A commitment should be made to follow the 2002 recommendation of Pope John Paul II in response to the crisis in the United States, which was to teach the fullness of the Church’s truth on sexual morality. It would also mean ending the inexplicable and culpable silence on sexual morality and marriage as found in the Catechism of the Catholic Church and Humanae Vitae. This also would mean learning or relearning moral theology that already proved itself capable of converting an over-sexualized pagan world.
Cardinal Francis George, the late Archbishop of Chicago, spoke of this truth at the annual meeting of the National Association of Catholic Diocesan Lesbian and Gay Ministries in Chicago in 1999. He said:
“It is possible, with God's grace, for everyone to live a chaste life, including persons experiencing same-sex attraction. To deny that the power of God's grace enables those with homosexual attractions to live chastely is to deny, effectively, that Jesus has risen from the dead.”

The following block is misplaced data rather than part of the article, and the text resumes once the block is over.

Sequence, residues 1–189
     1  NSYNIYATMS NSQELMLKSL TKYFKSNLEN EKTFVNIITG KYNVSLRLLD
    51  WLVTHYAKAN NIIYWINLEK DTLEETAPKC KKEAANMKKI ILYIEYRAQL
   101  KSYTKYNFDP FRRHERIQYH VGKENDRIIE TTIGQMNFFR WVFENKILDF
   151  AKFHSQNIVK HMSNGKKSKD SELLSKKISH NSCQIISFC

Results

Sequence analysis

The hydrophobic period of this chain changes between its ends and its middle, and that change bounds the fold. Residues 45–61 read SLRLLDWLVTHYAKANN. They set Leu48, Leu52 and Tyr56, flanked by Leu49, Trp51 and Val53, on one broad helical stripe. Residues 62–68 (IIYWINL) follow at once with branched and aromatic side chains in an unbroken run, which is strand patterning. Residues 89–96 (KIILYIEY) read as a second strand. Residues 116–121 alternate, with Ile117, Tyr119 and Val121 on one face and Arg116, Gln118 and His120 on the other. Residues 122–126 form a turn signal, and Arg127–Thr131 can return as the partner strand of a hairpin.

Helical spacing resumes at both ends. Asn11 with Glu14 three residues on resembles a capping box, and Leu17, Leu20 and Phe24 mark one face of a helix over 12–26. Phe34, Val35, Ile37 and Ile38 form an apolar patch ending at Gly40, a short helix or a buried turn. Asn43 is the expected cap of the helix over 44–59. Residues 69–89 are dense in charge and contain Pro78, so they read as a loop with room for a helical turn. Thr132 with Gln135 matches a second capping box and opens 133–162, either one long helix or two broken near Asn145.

Once authentic Catholic moral theology has been learned and communicated, then mandatory conferences on homosexuality should be required for priests and bishops in every diocese and seminary given by Courage, the only international program in the Church for those with same-sex attraction that is loyal to the Church’s teaching. Such conferences should also be required of the cardinals, bishops and priests serving in the Vatican.
Since the John Jay Report failed to identify the psychological and spiritual causes of the sexual abuse crisis, the programs developed to protect youth and priests from further abuse are seriously deficient and must be corrected.